Wednesday, July 11, 2007

The Research

Whenever I start a new project, I research it obsessively. (Some people would say it's overkill!) I need to know exactly what I'm getting getting into so that all angles of the project can be anticipated. I take my responsibilities toward other living creatures seriously and do not want to be caught in a situation where I can't take care of their needs as well as my own and my family's.

Perhaps in the future, I'll discuss and review the wealth of information an aspiring beekeeper can find on the web. Today, I'll simply discuss some of the books I've read over the last few weeks.

  • John Vivian's Keeping Bees. I found this book at my local public library and it was the first book I read on bee keeping. This highly accessible book provided me with a general overview of the process of bee management and an introduction to some of the sensitizing concepts I'll have to keep in mind as I continue future research.
  • Kim Flottum's The Backyard Beekeeper. I have no plans to become a commercial beekeeper! I simply want one or two hives in my backyard which I can co-manage with the bees and observe their behavior. I don't want to extract large amounts of honey or beeswax and become a "bee tycoon". This book provided me with just that type of focus, especially in the areas of hive location and size.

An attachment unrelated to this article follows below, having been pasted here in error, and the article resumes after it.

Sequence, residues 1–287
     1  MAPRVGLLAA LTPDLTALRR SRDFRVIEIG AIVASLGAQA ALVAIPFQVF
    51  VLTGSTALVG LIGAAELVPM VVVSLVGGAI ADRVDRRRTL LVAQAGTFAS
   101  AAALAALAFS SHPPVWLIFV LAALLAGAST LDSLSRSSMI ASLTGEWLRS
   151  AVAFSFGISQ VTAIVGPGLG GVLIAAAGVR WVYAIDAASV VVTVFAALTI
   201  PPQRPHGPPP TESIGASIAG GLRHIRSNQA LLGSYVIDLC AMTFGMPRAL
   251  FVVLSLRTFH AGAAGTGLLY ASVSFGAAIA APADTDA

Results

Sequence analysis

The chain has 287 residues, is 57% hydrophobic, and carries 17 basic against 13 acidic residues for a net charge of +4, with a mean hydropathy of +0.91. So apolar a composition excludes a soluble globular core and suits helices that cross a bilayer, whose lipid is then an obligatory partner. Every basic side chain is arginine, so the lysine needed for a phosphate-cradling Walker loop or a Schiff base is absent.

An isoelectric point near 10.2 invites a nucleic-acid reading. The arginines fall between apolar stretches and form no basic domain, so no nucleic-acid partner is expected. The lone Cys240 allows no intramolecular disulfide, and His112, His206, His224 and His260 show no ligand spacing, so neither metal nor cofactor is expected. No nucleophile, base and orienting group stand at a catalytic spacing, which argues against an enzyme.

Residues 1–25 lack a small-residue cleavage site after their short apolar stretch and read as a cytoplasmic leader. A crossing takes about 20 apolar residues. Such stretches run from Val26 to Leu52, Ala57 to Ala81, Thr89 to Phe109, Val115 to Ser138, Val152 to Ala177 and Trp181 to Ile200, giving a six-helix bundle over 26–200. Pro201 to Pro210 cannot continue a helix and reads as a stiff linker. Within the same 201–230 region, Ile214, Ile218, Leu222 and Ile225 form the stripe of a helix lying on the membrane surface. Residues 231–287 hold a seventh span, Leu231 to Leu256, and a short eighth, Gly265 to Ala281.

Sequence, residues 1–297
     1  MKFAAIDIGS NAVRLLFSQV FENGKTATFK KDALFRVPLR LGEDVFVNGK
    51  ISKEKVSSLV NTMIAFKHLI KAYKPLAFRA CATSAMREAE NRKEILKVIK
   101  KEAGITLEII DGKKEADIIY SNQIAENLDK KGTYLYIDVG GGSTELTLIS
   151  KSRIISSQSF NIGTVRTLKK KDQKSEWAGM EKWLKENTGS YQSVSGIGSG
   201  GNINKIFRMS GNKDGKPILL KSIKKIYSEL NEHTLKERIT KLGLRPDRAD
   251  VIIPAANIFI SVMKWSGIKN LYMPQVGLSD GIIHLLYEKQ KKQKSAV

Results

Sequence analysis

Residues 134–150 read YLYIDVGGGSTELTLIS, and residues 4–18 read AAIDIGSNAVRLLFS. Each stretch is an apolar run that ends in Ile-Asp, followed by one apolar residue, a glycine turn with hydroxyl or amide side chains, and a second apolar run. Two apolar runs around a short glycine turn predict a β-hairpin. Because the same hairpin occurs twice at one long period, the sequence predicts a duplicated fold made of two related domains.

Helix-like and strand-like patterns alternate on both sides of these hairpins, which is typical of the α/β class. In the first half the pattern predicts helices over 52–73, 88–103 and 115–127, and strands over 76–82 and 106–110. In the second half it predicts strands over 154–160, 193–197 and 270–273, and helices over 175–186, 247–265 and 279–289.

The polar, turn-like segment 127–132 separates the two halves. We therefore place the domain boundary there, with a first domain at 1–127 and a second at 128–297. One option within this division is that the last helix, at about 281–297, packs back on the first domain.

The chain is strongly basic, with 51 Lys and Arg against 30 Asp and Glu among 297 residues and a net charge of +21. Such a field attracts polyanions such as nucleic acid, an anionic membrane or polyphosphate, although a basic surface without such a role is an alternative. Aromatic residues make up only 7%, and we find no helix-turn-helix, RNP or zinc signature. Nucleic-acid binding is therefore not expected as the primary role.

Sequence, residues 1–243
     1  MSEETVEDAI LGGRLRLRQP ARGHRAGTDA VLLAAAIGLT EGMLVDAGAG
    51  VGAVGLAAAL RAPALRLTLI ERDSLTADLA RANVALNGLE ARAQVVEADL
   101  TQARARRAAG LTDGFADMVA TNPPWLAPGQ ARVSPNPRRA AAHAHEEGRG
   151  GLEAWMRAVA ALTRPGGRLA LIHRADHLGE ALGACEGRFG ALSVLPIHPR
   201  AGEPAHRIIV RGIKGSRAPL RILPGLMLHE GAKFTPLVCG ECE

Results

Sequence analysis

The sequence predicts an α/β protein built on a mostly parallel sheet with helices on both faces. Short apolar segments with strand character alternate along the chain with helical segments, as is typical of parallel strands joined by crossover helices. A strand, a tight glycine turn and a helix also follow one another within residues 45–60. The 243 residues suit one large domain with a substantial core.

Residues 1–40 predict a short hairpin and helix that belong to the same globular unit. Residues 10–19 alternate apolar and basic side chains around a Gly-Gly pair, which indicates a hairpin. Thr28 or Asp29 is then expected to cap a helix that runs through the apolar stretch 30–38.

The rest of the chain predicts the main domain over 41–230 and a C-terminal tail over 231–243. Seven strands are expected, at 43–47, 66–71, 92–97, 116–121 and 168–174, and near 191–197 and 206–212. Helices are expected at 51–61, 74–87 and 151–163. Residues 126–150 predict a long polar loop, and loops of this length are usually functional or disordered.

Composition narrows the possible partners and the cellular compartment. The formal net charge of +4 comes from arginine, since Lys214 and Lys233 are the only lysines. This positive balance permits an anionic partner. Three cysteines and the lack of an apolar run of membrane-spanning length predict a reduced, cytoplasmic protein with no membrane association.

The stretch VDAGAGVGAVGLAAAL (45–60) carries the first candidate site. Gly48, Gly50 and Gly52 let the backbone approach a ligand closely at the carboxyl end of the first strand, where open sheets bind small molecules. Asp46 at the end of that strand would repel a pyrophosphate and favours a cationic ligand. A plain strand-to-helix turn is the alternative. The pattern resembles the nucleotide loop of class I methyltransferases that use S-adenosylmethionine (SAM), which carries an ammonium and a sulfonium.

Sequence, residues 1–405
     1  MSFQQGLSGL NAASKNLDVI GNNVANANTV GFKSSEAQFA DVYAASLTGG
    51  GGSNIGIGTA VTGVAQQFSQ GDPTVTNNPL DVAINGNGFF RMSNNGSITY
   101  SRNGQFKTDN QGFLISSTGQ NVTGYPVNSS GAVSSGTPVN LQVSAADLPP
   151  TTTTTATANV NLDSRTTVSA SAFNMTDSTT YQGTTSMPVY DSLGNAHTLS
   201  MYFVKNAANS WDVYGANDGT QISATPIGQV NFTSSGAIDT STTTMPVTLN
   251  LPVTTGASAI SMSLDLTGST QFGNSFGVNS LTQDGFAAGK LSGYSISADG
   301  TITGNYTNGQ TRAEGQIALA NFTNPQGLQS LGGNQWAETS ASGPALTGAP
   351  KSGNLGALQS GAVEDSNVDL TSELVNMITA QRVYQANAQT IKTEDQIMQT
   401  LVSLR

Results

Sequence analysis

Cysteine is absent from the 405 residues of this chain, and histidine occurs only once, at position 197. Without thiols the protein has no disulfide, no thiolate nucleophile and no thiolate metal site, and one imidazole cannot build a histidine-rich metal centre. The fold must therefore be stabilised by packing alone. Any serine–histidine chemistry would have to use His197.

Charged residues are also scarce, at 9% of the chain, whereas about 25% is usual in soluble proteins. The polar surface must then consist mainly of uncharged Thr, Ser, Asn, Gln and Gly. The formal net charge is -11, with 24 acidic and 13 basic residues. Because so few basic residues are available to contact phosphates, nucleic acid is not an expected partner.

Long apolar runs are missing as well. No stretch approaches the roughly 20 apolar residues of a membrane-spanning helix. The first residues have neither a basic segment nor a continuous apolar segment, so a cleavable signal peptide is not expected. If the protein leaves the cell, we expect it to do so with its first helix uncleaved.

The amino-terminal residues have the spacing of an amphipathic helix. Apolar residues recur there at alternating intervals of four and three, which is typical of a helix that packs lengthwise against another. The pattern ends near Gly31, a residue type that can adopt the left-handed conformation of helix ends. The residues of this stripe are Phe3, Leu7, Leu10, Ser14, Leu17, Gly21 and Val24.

• Ross Conrad's Natural Beekeeping. I am committed to sustainable living and environmental responsibility and want my beekeeping practices to reflect those values. I want to approach beekeeping remembering that bees did not come into existence for the purpose of providing honey and beeswax to humanity but are "equal members" in the community of life. Someday I might write a post comparing the principles found in this book to those found in Daniel Quinn's novel Ishmael.
  • Langstroth's Hive and the Honey-bee. This is a "classic beekeeper's manual" written by the 19th century inventor of modern hive management, Rev. L.L. Langstroth. The love and enthusiasm Langstroth had for his bees is simply contagious and he still has many things to teach the modern beekeeper. His careful observations and scientific humility are great lessons often missing today.

I am currently in the middle of reading a few other books on bees as well and will include a short review of them as I finish each. In the future, I hope to read a few books on queen-rearing and will report back on those as well.

In the meantime, do any readers have any other suggestions for this novice beekeeper?

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